C.J. Janovy

Arts Reporter

C.J. arrived at KCUR in August 2014. She spent many years as an alt-weekly journalist in Kansas City, including a decade as editor of The Pitch, whose writers won local, regional and national awards and were published in several Best American writing anthologies.

She then spent a few years in academia, serving as director of communications at the University of Kansas Medical Center, where reporters frequently gave her a taste of her own medicine.

A native of Nebraska, C.J. majored in English at the University of California, Berkeley and earned a master’s degree in creative writing from Boston University.

Ways to Connect

Cynthia Levin

Hands on a Hardbody, the show now playing at the Unicorn Theater, isn’t particularly sexy. There’s a little bit of romance, but the “hard body” isn’t a person -- it’s a pickup truck on the lot of a fictional Nissan dealership in Longview, Texas. There, ten contestants try to keep one hand on the truck for as long as they can. The last person with a hand on the truck gets to drive it home.

courtesy of Helix Architecture + Design, Inc./HGA

The University of Missouri-Kansas City has chosen a team of architects to design the first phase of its proposed downtown arts campus.

The winning team is the duo of Kansas City’s Helix Architecture and Design and the Minneapolis-based HGA.

The selection comes after a competition last week where five teams participated in a three-day design session and presented their concepts to the public on Sunday. More than 200 people attended.

CJ Janovy / KCUR

The Kansas City Parks & Recreation Department celebrated the opening of Soccer Village on Friday. In addition to pristine practice fields with perfect synthetic grass and a natural-grass championship field with grandstands that seat 1,500 people, there’s also a sculpture, thanks to the city’s One Percent for Art Program.

The artist, Jake Balcom, installed the work last week with help from two friends, Spencer Schubert, also a local sculptor, and musician Brent Jamison.

Xanath Caraza

Kansas City poet Xanath Caraza is used to answering questions from the college students in her writing classes at the University of Missouri-Kansas City. But last month, she spent an intense six days answering questions from children who want to be poets in El Salvador, which is struggling with gang violence after years of civil war.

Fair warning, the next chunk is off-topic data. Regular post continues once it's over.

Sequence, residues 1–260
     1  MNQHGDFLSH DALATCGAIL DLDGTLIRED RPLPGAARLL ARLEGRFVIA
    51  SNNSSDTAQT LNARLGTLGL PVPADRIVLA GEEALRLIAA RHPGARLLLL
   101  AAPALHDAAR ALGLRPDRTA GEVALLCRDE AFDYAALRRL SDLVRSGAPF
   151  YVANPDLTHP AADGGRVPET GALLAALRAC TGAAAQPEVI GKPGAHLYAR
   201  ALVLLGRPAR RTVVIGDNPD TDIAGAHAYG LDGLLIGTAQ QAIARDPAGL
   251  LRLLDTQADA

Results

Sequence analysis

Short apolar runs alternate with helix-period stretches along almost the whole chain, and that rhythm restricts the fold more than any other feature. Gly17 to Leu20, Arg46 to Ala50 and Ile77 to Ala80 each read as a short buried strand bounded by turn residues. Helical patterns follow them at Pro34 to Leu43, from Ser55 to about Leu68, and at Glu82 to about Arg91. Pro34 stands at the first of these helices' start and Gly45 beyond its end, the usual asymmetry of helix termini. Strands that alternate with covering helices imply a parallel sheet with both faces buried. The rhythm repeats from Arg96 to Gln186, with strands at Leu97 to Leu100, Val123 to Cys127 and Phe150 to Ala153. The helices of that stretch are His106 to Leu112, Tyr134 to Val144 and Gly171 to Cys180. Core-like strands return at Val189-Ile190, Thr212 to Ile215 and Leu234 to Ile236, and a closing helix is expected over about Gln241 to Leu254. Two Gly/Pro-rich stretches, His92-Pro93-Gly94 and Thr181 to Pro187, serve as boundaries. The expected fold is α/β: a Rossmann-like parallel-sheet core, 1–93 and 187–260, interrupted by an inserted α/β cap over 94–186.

Todd Zimmer

It was almost exactly a year ago when a young band named Katy Guillen and the Girls won the Kansas City Blues Society’s annual Kansas City Blues Challenge. The victory earned them a trip to Memphis to compete with bands from all over the world in the International Blues Challenge in January.

Kansas City Streetcar Authority

The Kansas City Streetcar Authority has released the name and branding for the city's new downtown streetcar line.

Created by Willoughby Design, Inc., the package approved by the Authority on Thursday includes a name, icon, color palette and other branding elements.

The transit system's now-official name — KC Streetcar — is "simple, intuitive and universal, giving Kansas City a place among the best transit systems in the world, ” says Tom Trabon, chair of the Streetcar Authority Board.

C.J. Janovy / KCUR

On Central Standard in July, host Gina Kaufmann asked the Kansas City graffiti artist known as Gear to explain his theory that graffiti is “the beautification of the city.”

Most graffiti artists choose areas that are run-down or buildings that haven’t been taken care of by their landlords, Gear said.

Norman Akers

This fall, the Nelson-Atkins Museum of Art opens its blockbuster exhibition "The Plains Indians: Artists of Earth and Sky," with works ranging from a 2,000-year-old stone pipe to beaded designer shoes from 2011. To spark enthusiasm, three enormous teepees now compete with the Shuttlecocks on the Nelson’s south lawn.

Courtesy / Nelson-Atkins

Earlier this month, the Nelson-Atkins Museum of Art released its preliminary plans for a cultural district surrounding its Midtown Kansas City neighborhood through an article in the Kansas City Star. The vision was expansive, conceivably stretching as far north as Hyde Park, south to Brookside, west to the Country Club Plaza and east to the Paseo.

“I received the telephone call around three o’clock in the morning. Bernard Powell was dead.”

That's Telester Powell, talking about her husband. Bernard Powell was a well-known Kansas City Civil Rights activist in the 1960s. He joined the NAACP at age 13 and marched with Martin Luther King Jr. in Selma. Powell was on the rise, winning accolades such as Outstanding Man of the Year from the National Junior Chamber of Commerce. He had a dream of becoming Missouri’s first black governor.

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